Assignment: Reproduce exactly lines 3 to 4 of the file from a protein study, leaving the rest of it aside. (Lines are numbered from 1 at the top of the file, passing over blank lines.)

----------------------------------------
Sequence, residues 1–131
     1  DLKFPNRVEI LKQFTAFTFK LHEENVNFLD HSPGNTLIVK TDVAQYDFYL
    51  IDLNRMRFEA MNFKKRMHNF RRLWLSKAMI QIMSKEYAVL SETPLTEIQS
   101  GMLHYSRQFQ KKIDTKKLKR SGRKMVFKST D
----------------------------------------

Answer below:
    51  IDLNRMRFEA MNFKKRMHNF RRLWLSKAMI QIMSKEYAVL SETPLTEIQS
   101  GMLHYSRQFQ KKIDTKKLKR SGRKMVFKST D